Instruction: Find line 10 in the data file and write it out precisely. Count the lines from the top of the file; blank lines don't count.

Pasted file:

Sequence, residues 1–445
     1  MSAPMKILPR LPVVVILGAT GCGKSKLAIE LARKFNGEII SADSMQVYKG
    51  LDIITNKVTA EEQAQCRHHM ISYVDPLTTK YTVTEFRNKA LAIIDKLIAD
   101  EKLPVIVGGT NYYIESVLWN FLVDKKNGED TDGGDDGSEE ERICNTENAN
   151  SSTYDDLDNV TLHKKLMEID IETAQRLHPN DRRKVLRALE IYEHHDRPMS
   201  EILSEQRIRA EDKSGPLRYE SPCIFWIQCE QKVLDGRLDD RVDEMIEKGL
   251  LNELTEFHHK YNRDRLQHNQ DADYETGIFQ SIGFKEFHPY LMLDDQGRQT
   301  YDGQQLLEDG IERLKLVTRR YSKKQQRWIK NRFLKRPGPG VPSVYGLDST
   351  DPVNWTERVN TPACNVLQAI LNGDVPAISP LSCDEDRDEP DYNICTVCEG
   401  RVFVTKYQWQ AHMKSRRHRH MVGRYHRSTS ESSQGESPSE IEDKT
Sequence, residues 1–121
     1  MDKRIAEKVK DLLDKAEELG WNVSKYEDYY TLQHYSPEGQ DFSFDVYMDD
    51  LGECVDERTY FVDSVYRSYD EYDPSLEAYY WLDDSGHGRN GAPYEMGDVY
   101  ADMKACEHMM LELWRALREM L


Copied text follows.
   401  RVFVTKYQWQ AHMKSRRHRH MVGRYHRSTS ESSQGESPSE IEDKT